Wednesday, March 05, 2008

Author Snapshot: Diane Wei Liang

One wonders how fiction will ever compete with fact. Just reading her bio induces a sense of wonder.

Diane Wei Liang was born in Beijing in a time of turbulence and spent a portion of her childhood in a remote Chinese labor camp. She was one of the students who took part in that protest in Tiananmen Square in 1989. She has a Ph.D. in business from Carnegie Mellon and was a professor of business in the United States and the United Kingdom for a decade.

Now living in London with her husband and two children, Diane Wei Liang has reinvented herself once more, this time as a mystery novelist. Though it’s early days yet, reviewers have been falling in line. With her debut novel, The Eye of Jade (Simon & Schuster), out in 23 countries just last month, The BBC’s Mark Coles promptly compared her to Alexander McCall Smith. “Now it’s China’s turn,” Coles said.

We are fairly confident about one important thing: it would be ill-advised to stand between this author and whatever she desires.

A Snapshot of Diane Wei Liang...

Born: Beijing
Resides: London
Web site:

January Magazine: Please tell us about The Eye of Jade.
Diane Wei Liang: The Eye of Jade is the first book in the Mei Wang mystery series. It features Mei Wang, a female detective in Beijing. In her first case, Mei is asked by a family friend to track down an ancient jade that had been lost in the Cultural Revolution. Her search leads her into the underbelly of Beijing and into the dark past of China’s recent history. Meanwhile, Mei’s mother has a stroke. Her illness intensifies the conflict between Mei and her younger sister Lu, a celebrity. When Mei’s former lover returns from America, it complicates her life further. The Eye of Jade is a mystery and also a portrait of Beijing and its inhabitants.

What’s on your nightstand?
Henry James’ The Ambassadors, V.S. Naipaul’s A Bend in a River, e.e. cummings’ Selected Poems, Shakespeare’s Sonnets.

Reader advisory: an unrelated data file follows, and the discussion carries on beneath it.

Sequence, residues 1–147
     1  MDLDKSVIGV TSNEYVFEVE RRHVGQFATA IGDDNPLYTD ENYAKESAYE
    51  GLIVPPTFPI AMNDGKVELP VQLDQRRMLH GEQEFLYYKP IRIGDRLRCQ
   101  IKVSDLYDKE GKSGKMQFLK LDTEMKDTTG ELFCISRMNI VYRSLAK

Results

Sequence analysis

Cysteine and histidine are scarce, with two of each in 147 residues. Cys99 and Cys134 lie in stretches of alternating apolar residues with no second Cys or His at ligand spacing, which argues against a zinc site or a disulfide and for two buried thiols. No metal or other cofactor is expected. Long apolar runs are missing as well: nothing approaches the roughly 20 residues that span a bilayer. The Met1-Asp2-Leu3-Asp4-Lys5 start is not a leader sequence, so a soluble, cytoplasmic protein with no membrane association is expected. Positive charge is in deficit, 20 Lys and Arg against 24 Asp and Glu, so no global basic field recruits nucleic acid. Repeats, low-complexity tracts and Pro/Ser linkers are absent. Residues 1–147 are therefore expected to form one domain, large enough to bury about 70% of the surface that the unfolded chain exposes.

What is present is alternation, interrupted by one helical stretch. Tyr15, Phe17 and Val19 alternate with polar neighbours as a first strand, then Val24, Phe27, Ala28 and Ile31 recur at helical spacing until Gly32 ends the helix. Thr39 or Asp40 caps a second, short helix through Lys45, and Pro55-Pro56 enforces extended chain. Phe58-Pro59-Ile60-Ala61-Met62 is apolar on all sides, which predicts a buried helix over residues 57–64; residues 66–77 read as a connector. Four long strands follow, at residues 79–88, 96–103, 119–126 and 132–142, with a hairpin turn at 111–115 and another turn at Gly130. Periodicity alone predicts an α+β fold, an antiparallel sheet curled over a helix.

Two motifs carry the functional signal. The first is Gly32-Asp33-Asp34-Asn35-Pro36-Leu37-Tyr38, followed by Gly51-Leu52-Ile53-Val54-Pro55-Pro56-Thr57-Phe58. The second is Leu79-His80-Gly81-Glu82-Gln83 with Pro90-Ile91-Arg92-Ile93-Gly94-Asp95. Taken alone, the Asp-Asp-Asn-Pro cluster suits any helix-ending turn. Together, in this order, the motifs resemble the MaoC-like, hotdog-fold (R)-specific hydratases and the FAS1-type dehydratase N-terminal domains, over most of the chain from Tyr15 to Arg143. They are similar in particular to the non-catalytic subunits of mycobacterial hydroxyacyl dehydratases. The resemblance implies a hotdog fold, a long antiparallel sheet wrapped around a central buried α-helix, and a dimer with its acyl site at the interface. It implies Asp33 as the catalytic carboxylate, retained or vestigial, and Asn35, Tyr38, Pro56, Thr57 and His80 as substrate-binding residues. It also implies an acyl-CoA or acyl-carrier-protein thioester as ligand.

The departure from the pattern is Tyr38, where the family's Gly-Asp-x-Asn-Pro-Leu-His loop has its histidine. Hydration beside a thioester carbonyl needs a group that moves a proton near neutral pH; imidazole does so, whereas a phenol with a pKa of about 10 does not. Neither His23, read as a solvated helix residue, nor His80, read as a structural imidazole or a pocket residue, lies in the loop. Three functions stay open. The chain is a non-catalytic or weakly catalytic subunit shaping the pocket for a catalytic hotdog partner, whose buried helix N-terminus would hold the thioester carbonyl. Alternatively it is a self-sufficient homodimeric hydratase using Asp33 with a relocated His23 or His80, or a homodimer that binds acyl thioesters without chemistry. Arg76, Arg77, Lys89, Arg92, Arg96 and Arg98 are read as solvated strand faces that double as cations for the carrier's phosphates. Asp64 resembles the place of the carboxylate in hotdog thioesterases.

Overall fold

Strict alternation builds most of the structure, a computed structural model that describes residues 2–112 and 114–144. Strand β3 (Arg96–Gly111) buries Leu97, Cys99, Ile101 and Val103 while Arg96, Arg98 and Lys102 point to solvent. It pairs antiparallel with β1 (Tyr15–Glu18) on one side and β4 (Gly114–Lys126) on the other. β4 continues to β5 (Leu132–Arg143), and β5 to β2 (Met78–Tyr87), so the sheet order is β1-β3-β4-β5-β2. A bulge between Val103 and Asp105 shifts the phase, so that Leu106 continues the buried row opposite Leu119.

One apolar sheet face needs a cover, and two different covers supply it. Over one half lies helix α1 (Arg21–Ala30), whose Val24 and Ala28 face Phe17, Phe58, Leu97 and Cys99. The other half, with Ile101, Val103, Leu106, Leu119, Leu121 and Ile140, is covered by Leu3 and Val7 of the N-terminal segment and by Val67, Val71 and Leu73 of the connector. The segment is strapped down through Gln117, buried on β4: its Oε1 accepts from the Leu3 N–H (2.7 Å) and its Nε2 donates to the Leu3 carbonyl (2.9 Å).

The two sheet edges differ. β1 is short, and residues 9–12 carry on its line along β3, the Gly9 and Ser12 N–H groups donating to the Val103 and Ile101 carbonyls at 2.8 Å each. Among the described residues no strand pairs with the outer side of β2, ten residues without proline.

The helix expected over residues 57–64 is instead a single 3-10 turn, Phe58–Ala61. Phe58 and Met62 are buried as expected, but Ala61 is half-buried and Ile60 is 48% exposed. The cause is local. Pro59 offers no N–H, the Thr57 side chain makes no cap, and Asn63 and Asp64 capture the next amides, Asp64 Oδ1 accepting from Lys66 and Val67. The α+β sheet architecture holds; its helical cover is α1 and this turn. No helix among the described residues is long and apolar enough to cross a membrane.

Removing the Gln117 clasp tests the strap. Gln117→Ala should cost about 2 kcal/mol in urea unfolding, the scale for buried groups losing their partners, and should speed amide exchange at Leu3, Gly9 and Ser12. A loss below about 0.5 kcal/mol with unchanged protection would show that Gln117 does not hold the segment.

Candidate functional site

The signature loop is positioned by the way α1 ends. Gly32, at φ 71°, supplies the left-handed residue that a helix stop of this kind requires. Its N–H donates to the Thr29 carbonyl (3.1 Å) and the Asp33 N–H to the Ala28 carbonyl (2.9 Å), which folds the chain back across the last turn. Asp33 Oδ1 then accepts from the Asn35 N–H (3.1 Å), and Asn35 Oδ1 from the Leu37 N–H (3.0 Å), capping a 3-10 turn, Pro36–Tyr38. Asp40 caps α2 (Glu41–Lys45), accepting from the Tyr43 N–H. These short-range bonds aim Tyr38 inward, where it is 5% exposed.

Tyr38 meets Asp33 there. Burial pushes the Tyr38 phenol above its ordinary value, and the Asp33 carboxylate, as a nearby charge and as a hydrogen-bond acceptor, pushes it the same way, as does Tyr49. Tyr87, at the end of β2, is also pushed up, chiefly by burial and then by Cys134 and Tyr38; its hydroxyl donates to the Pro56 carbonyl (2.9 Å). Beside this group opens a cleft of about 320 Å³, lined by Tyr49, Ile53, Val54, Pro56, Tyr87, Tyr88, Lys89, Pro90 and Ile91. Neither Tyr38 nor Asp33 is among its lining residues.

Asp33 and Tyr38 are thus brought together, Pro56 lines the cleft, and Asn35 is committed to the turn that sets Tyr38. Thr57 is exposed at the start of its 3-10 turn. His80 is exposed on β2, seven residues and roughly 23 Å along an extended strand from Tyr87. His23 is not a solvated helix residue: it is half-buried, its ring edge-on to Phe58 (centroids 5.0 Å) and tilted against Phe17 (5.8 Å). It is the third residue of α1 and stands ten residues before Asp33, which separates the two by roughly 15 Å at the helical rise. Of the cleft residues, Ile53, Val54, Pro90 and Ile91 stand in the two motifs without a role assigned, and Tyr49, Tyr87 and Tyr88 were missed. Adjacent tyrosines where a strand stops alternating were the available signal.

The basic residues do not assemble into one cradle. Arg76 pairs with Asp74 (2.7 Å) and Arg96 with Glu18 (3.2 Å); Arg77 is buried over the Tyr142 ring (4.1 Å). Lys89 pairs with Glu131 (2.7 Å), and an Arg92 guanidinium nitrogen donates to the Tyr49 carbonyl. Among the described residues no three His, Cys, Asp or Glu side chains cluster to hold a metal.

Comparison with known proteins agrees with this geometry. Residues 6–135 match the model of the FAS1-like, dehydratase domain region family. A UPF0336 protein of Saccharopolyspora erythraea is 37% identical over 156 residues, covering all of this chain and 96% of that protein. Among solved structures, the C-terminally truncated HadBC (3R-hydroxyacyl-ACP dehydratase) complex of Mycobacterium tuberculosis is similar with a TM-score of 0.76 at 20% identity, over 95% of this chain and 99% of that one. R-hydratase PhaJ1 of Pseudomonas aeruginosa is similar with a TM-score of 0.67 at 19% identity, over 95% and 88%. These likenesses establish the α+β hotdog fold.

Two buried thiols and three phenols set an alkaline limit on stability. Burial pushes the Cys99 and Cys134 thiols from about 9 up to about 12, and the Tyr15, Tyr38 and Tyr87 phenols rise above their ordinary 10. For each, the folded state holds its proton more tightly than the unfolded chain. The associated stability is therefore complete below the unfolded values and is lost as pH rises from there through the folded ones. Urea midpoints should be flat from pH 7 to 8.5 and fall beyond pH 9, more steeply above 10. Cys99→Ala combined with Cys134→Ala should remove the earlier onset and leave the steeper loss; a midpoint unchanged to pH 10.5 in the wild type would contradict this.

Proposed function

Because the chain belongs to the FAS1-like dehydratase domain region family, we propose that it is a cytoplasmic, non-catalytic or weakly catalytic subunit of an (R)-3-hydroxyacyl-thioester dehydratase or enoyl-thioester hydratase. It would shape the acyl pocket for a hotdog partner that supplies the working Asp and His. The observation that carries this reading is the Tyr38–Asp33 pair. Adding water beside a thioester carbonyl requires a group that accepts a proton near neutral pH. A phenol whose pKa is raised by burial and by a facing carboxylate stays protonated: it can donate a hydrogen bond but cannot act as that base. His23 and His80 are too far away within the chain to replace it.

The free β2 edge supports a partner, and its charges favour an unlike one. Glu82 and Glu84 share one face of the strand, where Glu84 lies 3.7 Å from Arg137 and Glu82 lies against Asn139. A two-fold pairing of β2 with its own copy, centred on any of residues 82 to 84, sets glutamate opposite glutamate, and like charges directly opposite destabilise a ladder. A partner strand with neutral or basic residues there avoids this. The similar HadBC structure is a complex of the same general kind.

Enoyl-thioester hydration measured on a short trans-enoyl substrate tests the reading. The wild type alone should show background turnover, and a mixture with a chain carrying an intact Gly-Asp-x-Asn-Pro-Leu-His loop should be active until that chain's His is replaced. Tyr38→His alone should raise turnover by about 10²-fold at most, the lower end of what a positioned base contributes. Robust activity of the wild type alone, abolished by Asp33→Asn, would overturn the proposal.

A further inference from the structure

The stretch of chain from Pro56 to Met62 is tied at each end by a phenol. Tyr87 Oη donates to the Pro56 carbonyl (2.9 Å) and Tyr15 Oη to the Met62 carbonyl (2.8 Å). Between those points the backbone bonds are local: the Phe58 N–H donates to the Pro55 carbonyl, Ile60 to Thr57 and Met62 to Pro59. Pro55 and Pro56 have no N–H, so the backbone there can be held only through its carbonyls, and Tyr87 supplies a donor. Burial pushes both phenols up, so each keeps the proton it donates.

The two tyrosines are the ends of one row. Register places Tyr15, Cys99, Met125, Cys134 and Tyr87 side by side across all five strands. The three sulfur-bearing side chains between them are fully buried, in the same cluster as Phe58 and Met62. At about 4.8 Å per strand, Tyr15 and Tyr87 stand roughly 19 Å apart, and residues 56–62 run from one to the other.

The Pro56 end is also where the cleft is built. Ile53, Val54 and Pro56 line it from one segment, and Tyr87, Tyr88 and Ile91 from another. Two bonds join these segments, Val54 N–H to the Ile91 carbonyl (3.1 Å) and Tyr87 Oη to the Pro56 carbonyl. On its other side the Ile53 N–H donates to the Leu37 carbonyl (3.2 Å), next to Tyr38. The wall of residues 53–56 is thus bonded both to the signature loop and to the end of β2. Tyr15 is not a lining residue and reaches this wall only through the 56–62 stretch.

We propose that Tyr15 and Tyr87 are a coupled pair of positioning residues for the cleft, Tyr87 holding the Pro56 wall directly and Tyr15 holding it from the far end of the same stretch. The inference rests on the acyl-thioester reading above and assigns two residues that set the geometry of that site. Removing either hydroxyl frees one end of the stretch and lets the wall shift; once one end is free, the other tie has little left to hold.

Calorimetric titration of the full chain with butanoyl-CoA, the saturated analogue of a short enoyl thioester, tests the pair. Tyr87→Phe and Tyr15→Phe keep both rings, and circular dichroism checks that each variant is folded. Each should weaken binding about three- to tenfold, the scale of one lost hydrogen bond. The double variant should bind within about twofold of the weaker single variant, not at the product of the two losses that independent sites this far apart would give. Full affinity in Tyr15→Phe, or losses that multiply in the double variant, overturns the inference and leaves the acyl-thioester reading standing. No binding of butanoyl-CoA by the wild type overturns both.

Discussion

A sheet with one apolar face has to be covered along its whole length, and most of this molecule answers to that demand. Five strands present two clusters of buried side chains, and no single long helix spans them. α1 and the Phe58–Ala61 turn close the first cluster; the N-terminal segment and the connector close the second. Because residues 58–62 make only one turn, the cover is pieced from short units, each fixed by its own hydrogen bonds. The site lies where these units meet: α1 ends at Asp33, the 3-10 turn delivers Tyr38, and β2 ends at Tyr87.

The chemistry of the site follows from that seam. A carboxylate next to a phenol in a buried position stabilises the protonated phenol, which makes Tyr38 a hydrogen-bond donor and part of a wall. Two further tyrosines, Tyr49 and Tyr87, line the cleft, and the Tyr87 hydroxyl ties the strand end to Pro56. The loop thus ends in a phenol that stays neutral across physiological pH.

What inspires you?
Music, books, Beijing and solitude

What are you working on now?
The third installment in the Mei Wang Mysteries.

Tell us about your process.
I write on a computer when my children are in school and at night after they’re in bed. I’m someone who does not need much sleep so I normally work until midnight.

I start each book with a theme. For example, The Eye of Jade is about betrayal and forgiveness, and the next book, Paper Butterfly, is about revenge. Then I work intensely for weeks on the characters, sketching them out as much as I can. They are the cornerstone of my books. After that I work on the plot, which would have by now been shaped during the first two processes. I don’t wait until I’ve worked out every detail before putting words down. Inevitably the characters and the plot will take over and dictate how the story will move.

Lift your head and look around. What do you see?
A desk lamp, a bookshelf, a telephone, a bottle of water, a vase of red roses, a picture of my children, a scented candle.

When did you know you wanted to be a writer?
I had wanted to be a writer when I was about 14 or 15. However my mother, who was a professor of Chinese literature, discouraged me because, at that time, writing was a dangerous profession in China. Writers had been among the first to be purged in the political movements of Mao. So I put the idea to the back of mind and went on to study psychology and then business in the United States. I only went back to visit that idea again when my second child was born six years ago.

If you couldn’t write books, what would you be doing?

I’d probably still be teaching business. I remain interested in economic matters and read The Financial Times to relax. I’d also like to be a psychotherapist -- something of a dream of mine that was never fulfilled.

To date, what moment in your career has made you happiest?

Finishing my last book.

For you, what is the easiest thing about being writer?
The flexible lifestyle. It’s perfect for a mother.

What’s the most difficult?
The self-reflective nature of the profession – writing is ultimately a creative process that feeds on one’s own emotions and thoughts. It’s very draining. It alters you.

What question do you get asked about your writing most often?
How do you come up with the idea?

What’s the question you’d like to be asked?

I don’t know, since no one has yet asked it.

What question would you like never to be asked again?
How old are you?

Tell us something about yourself that no one knows
I’m sorry, I’d like to keep it an eternal secret.

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Blogger Auntie Knickers said...

Sounds like an author and books I need to read, but nothing at all like Alexander McCall Smith! Sometimes I wonder if these newspaper people ever read a book.

Friday, March 7, 2008 4:11:00 AM PST  

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